WASHINGTON, D.C. - It's a long time since Easter 1916 was invoked in the U.S. Congress, but Taoiseach (Prime Minister) Bertie Ahern did just that last Wednesday, April 30.
The retiring taoiseach was on his victory lap of the U.S., and a Joint Session of Congress had been arranged for him.
Up until recent years the legacy of Easter 1916 and the Irish uprising was a deeply disputed one. Opponents of the IRA campaign claimed that the Rising had given their cause spurious legitimacy. Supporters stated it was Ireland's foundation legacy, the very touchstone around which the modern state was built.
Until Ahern reinstituted the annual 1916 march and commemoration in 2006, the numbers who feared to speak about Easter week was far greater than those who wanted to remember it.
Easter 1916 was finally put back in its correct place atop the pantheon of Irish history by Ahern's remarks in Washington.
He quoted the most remarkable passage in the proclamation: "The Re-public guarantees religious and civil liberty, equal rights and equal opportunities to all its citizens, and declares its resolve to pursue the happiness and prosperity of the whole nation and all its parts, cherishing all the children of the nation equally."
The words are resonant of the Declaration of Independence, especially on the pursuit of happiness. They also place in perspective the remarkable vision of Ireland's founders as surely as the Declaration of Independence did for Jefferson and Washington and all the others.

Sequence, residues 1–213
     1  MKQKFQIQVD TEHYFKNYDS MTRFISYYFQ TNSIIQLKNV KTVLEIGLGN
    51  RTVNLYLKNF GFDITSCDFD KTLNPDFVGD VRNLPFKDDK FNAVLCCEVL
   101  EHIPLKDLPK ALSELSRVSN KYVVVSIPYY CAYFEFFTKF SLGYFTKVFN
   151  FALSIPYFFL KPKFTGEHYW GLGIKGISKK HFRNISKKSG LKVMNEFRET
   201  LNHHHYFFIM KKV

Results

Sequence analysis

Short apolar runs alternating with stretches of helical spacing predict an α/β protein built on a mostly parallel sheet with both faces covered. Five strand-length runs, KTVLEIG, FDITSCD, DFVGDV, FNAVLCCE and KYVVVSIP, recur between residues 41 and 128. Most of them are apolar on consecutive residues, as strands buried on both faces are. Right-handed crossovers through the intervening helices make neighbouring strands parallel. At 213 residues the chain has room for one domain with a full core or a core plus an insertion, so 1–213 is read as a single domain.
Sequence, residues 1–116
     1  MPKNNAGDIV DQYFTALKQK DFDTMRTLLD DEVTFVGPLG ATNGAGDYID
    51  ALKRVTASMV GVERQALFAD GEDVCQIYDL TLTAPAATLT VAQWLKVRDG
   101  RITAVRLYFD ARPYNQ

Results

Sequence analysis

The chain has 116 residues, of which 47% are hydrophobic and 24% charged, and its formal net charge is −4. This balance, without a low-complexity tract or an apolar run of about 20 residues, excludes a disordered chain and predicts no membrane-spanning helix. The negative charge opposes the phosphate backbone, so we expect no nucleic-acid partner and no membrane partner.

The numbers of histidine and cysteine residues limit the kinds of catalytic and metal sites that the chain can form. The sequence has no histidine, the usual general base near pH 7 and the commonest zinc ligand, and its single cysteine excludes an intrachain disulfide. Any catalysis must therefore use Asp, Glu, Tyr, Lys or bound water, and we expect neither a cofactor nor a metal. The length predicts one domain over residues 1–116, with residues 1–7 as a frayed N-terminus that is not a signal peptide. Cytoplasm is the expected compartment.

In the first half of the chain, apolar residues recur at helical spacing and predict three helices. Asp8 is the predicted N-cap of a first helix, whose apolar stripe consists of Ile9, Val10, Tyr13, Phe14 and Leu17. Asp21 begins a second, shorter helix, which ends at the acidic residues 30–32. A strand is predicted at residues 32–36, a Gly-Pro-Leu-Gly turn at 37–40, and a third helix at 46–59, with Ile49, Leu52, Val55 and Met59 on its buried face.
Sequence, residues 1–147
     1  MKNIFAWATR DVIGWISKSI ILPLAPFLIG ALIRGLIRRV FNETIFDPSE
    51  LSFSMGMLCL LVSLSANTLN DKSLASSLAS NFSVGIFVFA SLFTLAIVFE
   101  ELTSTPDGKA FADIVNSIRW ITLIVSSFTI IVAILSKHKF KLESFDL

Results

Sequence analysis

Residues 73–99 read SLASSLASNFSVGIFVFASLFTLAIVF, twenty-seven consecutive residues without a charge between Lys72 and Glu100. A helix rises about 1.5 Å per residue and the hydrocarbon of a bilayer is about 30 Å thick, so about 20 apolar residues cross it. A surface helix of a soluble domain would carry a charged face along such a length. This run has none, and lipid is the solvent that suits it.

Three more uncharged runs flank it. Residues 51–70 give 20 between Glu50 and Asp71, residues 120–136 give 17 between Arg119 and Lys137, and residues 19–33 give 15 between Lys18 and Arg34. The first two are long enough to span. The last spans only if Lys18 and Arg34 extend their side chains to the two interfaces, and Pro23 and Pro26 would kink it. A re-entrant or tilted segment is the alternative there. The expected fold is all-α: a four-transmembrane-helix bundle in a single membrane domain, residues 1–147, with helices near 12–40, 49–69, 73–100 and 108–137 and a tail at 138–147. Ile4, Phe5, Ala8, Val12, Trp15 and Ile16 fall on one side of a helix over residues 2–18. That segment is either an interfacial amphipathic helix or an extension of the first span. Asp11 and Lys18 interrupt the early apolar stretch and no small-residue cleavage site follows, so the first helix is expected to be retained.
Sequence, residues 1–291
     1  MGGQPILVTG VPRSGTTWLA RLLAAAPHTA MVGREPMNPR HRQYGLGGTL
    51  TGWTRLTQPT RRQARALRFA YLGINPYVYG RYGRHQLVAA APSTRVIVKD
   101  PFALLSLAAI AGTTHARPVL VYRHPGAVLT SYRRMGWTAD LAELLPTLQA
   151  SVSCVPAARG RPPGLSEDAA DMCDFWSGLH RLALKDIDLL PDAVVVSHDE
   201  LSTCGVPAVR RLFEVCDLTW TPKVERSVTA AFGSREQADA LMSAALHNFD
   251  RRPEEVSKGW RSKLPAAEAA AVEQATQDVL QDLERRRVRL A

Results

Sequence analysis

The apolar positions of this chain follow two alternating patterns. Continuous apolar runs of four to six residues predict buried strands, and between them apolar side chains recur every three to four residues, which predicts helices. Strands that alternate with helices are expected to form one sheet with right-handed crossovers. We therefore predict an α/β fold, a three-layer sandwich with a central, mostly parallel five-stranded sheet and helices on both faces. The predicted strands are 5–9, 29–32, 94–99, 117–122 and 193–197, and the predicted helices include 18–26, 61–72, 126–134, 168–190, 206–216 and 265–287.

Ahern's speech captured the new moment perfectly, and by making it before the great institutions created by the American founders he gave the men of Easter 1916 even greater legitimacy.
Last Wednesday was also Ahern's last hurrah in the U.S, and a number of American politicians had turned up to wish him Godspeed.
The great chamber of the House of Representatives was full and Irish leaders of our era - Senator Edward Kennedy, Senator Patrick Leahy, Congressmen Pete King, Ritchie Neal and Jim Walsh among them - had turned up to say farewell to one of the most popular Irish politicians ever on this side of the Atlantic.
It was a moment to savor, especially for those American politicians like Kennedy who had played such a massive role in helping bring peace to Ireland.
For decades the leaders of Ireland had appealed for more time and patience and American help to bring peace to the troubled island. Throughout, Ted Kennedy above all held the hand of welcome out and strived to help as much as he could. There were many setbacks along the way, but Kennedy was always a beacon light to keep hope alive.
Now here, at last, was an Irish leader announcing mission accomplished. Little wonder that Kennedy in particular seemed jubilant on this day. His decision to bring a full court press on the Gerry Adams visa back in 1994 request played a huge role in the American part in the peace process.
Press reports in Ireland bemoaned the fact that the number of elected representatives present at the Joint Session to hear Ahern talk was not greater.
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Jesus Christ and Santa Claus are both nothing more than myths. The myth of Jesus is based on numerous preceding myths of an immortal World Savior. ToMegyn Kelly says Santa and Jesus are white, get used to it (VIDEO)
If you have been around Greeks and Turks, you will realize that both are very light skinned. I would say that the Christ was swarthy somewhat like SicMegyn Kelly says Santa and Jesus are white, get used to it (VIDEO)
So much for the Christmas spirit. Shame on the three people who brought this up and are arguing about it in the first place. All of you, what ever haIrish outrage over NY Times pigeon-eating and desperate economic times article
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